How to navigate personal finance during COVID-19
Nearly everyone has asked the following question sometime in the past year: How should I navigate my personal finances during the COVID-19 pandemic? When it comes to personal finance and COVID-19, it’s truly a complex question that largely boils down to individual circumstances. But in addition to general life and work circumstances, so too your mental health plays a big role. For that reason, in this article I’ll spend a good deal of time discussing the pandemic as a whole. And notably, the effects of the pandemic on mental health and how to overcome them.
Turning a corner or doubling back? Managing personal finances during COVID-19 is not easy when the pandemic never ends.
This summer we felt like we were turning a corner. Vaccines were widely available, and businesses started to reopen their fitting rooms and indoor dining rooms. People started buying concert tickets again. Flights were booked. The national parks saw a huge increase in visitors, in many cases causing long waits and crowds. But people were so excited to be on the road again and free to move about the cabin.
I was more than a little excited when party invitations started flowing. Extended family gathered to meet new babies and hug each other. Businesses started hiring and offering signing bonuses.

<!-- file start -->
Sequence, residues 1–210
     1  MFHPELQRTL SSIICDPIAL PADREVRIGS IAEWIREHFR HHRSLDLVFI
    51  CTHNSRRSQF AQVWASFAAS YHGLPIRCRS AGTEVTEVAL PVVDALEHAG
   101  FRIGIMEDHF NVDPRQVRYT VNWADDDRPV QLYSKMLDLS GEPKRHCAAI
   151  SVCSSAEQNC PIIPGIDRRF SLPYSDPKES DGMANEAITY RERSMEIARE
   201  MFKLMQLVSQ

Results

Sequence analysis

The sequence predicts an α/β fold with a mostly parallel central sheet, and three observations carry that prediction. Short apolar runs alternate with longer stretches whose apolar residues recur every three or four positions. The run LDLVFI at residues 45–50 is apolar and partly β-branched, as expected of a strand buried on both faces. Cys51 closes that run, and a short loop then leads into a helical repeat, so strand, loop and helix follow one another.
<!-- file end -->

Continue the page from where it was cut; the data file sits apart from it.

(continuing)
It felt like we were on an upward trajectory OUT of whatever last year was. I know I thought so. But then the delta variant began. Pockets throughout the country refused the vaccine. Businesses were unable to hire people, and the appropriate level of masking and gathering, even for vaccinated individuals, became complicated. Children under 12 still cannot be vaccinated.
Everyone is reluctant to return to social isolation after summer gave us a taste of freedom and togetherness. Worldwide, another shut down is politically unlikely. Some are angry about returning mandates. Others are left worrying about the new variants that will surface if we don’t tighten up again. A growing subset of the population is ignoring the news and just hoping it will go away.
Political lines are drawn, and we’re exhausted from debating which rules best keep everyone safe. It’s enough to make you feel like last year all-over-again!
“Mom, are we theeere yet?!” On pandemic fatigue.
I was commiserating with a friend the other day about how we were still carrying through plans we made early in the summer when we thought by this point, things would be a lot better. Sometimes we feel a prickle of hesitation that tells us big gatherings, even outdoors, might be part of the problem. On the other hand, we want to get our fun in before inevitable closures this winter.
People who have been cautious feel like they are missing out on the window to loosen up. Individual actions feel like a drop in the bucket. It’s hard maintain restrictions when we’ll all suffer the same consequences.
And perhaps worst of all, for many it’s been a time of great financial challenge. From pay cuts and layoffs, to economic challenges straddling small business owners, to rising inflation, and of course the rising cost of living (has anyone else seen home prices lately?!) it seems like there’s no end in sight.
But as usual, and as always – there is hope. As with most things in life, there are certain things within your control and others that are not. By focusing on those things we can control, we can maintain power over our financial destiny. This is true even despite the current challenges brought on by the COVID-19 pandemic.
Personal Finance and COVID-19: Reasons for Optimism